A new not-for-profit initiative called the Empty Suitcase Campaign creates opportunities for meeting planners to add CSR to their meetings and incentive programs when there’s no time to include a group activity.
The new portal—emptysuitcase.org—features a list of destinations around the globe and everyday items that are in need there, which was compiled with the help of local DMCs.
There’s also a link to order foldable duffle bags for attendees, emblazoned with the Empty Suitcase Project logo direct from the supplier, with no profit going to Empty Suitcase. Meeting planners simply distribute the bags to attendees before the event (they slip easily into mailers) and ask them to fill the bags with the needed items and bring them on the trip.
Alternately, planners can simply ask attendees to pack items into their existing baggage. Planners can work with their local DMCs, CVBs or tourist boards to identify the best channels to distribute the items to people in need.
The project was conceived by Shawna Suckow, CMP, founder of SPIN (Senior Planners Industry Network) and Colleen Abernethy, owner of Platinum DMC Collection. “We were planning a trip to Nepal in 2013, and heard of a doctor there who offers an annual eye clinic in a remote area and needed used prescription eyeglasses,” says Suckow. “Through Colleen’s connection with the Lion’s Club, we brought a suitcase filled with over 200 pairs with us.”
“The feeling that overcame us after we met the doctor and left with that empty suitcase was so gratifying,” said Abernethy. “Sometimes it feels better coming home with an empty suitcase rather than a full one.”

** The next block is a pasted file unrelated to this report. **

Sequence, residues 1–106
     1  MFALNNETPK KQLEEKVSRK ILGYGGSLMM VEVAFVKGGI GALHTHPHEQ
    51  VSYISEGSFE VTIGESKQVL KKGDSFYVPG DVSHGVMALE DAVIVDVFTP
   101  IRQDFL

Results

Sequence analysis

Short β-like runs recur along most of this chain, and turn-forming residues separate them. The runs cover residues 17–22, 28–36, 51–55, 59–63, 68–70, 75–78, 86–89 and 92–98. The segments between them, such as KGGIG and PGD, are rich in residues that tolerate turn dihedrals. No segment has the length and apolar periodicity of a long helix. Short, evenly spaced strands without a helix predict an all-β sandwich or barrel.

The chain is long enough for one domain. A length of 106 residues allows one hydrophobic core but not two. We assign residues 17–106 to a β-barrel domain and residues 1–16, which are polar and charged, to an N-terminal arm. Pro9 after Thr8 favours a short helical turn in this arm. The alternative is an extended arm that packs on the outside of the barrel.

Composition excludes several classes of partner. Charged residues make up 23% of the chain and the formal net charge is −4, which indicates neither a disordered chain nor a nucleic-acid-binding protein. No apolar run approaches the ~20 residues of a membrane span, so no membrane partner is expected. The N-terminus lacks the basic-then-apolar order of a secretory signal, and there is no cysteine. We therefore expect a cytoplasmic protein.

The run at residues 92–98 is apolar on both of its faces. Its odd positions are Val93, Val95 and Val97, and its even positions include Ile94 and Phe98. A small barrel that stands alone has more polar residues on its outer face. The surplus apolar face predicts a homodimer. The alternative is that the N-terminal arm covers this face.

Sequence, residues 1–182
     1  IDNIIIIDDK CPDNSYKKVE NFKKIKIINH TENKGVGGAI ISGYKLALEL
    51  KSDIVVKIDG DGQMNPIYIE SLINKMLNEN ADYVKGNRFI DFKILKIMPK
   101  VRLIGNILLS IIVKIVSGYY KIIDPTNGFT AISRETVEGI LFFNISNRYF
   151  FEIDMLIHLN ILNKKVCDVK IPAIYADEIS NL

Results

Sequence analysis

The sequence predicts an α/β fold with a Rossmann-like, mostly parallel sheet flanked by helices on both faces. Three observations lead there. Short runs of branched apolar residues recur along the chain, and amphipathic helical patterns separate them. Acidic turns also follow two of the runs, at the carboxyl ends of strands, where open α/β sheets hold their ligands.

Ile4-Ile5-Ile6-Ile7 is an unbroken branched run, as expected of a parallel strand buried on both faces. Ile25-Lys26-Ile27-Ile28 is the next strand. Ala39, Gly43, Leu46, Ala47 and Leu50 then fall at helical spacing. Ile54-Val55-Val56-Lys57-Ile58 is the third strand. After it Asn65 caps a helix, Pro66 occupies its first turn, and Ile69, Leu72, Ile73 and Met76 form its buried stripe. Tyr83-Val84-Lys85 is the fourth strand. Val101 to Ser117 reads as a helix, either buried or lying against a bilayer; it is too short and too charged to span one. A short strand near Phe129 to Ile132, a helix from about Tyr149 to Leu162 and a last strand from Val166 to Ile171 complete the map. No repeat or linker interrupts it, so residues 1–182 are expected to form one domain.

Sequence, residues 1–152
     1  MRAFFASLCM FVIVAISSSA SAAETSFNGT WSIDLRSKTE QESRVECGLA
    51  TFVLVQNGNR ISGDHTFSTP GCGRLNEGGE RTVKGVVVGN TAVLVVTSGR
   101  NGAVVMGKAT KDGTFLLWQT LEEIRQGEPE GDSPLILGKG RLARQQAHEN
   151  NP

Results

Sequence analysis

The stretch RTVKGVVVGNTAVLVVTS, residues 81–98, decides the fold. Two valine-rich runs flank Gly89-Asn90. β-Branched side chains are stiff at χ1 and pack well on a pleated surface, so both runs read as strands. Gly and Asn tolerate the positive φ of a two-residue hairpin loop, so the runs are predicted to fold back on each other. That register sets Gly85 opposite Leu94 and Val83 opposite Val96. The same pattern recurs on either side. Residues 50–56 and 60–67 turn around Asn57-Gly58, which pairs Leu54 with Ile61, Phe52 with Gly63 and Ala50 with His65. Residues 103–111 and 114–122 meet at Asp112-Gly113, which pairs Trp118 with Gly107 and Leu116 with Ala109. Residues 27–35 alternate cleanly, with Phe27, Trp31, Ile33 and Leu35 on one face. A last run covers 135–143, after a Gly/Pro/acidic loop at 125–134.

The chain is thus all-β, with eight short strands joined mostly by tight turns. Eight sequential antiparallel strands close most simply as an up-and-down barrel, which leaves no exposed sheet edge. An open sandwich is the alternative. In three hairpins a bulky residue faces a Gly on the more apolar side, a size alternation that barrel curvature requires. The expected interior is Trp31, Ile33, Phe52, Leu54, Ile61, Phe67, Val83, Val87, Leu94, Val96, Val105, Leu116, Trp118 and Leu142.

Suckow and Abernethy joined forces with Barbara Scofidio, editor of Prevue magazine, and Doug Chorpenning, planner and founder of Wet Paint Creative Group to officially launch the project.
“The website is self-perpetuating,” said Chorpenning, “with suppliers and planners providing lists of items needed all around the world, and then sharing their success stories to inspire other planners.”
Scofidio says the initiative fills a need that emerged as companies have cut the length of meetings and incentive trips and planners. “It’s challenging to fit an element of giving back into an already packed two- or three-day program. Sometimes even a half day spent volunteering at a local school or playground is just too much time. That’s where the Empty Suitcase Campaign can help.
Suckow hopes to see the options for giving grow as the Empty Suitcase Campaign takes off. She encourages DMCs, CVBs, tourist boards, and other suppliers all over the world to submit the names of local nonprofits in their destinations, along with needed items, to email@example.com.
Meeting planners are encouraged to send their photos and success stories as well.